Practice: Over-and-Backs

Get in your stance over the ball and drive the head of your stick on the front and back side of the ball without touching the rubber. 15 seconds on, 15 seconds off. Repeat for 5 sets.

Body Position: Body positioning starts from the time you enter the face-off X. Setup is a matter of preference. I personally found that the one-knee-down position worked best for my game. I have also seen more upright stances and condensed positioning. Choose whatever stance makes you the lightest and fastest. Make sure your center of gravity is slightly forward and anticipating the whistle.

Practice: Drive your body and hands over the ball. Get down in your stance and drive you back hand over the ball. 10 Reps. Rest for 30 seconds. Repeat for 5 sets.

Awareness of Your Surroundings: Recently, picking your head up and looking around for an open target to roll the ball out towards has been marked as illegal. Face-off specialists are now working within their limits to more accurately locate their teammates while scraping on the ground. A strong key to success is determining prior positioning of your wingmen. Communicate about where you would like to place the ball when you make the win, prior to getting out on the field. Go in with a plan that can give your squad the best advantage.

Tip: Determine how long a wingman will take to enter the center of the field. Try to manipulate play until your support arrives, and attempt to get the ball to a similar location on every draw.

Above all else, always remember to work hard!

Make sure to check out our lacrosse Instagram page: @A_Game_Lax914

By Natalie Rizzo, MS, RD

Sugar is a baffling topic for many parents. You know that your young athletes need extra energy for their sport, but you may not know where sugar hides in food and how much sugar is too much. The A-Game Sports Nutritionist is here to unravel the sugar mystery so you can have healthy, happy athletes.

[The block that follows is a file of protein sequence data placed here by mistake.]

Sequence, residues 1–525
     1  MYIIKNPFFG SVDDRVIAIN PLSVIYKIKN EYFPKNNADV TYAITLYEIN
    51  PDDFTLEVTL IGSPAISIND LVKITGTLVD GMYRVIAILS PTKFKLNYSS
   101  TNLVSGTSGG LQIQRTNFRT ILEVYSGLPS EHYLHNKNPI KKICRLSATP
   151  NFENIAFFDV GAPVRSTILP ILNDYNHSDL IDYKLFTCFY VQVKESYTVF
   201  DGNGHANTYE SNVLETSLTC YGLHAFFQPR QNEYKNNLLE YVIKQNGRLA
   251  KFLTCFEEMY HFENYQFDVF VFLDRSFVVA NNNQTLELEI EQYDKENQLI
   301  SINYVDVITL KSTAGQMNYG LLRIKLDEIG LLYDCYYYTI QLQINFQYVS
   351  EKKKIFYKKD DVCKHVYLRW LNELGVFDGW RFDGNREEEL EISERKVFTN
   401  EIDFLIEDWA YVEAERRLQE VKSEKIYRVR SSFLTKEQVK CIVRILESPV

There are two different types of sugar: “natural sugar” and “added sugar”. Natural sugar is naturally found in foods like fruits, vegetables, dairy and grains. Added sugar refers to sugar that is added to food for taste. Unfortunately, the food label does not specify if a sugar is natural or added, so one has to be a bit of a sugar detective. To find added sugar, inspect the ingredient list. Look for sugar’s aliases, such as high-fructose corn syrup, sucrose, honey, raw sugar, malt syrup, rice syrup, molasses, fruit juice concentrate, brown sugar, evaporated cane juice, agave nectar, cane sugar, crystalline fructose, beet sugar, coconut sugar and caramel. If you see these ingredients, you know that sugar has been added to the food.

As you might expect, added sugar is found in many processed foods, like cookies, candy, ice cream and sodas. It’s also in many packaged foods that kids like to eat before a practice or game. Whereas natural sugar foods provide long lasting energy during exercise, these processed foods provide short bursts of energy followed by a crash. For example, eating sugary foods before a basketball game will cause an inevitable energy crash in the 2nd or 3rd quarter. And, any A-Game Sports coach will tell you that basketball games are won by the team whose players still have their legs in the 4th quarter. That’s why it’s extremely important to recognize foods with added sugar and make healthier natural sugar swaps.

Where does sugar hide?

Cereals: Have you ever looked at the nutrition label of Raisin Bran? A 1-cup serving contains 18 grams or 4.5 teaspoons of sugar, and most kids probably eat double that before a big game! Cereal is a huge staple among kids, and, there are much less sugary but tasty brands. Barbara’s Puffins has only 5 grams of sugar (or 1 teaspoon) in ¾ cup. Kix or Cheerios are even better options with only 1 gram of sugar in ¾ cup.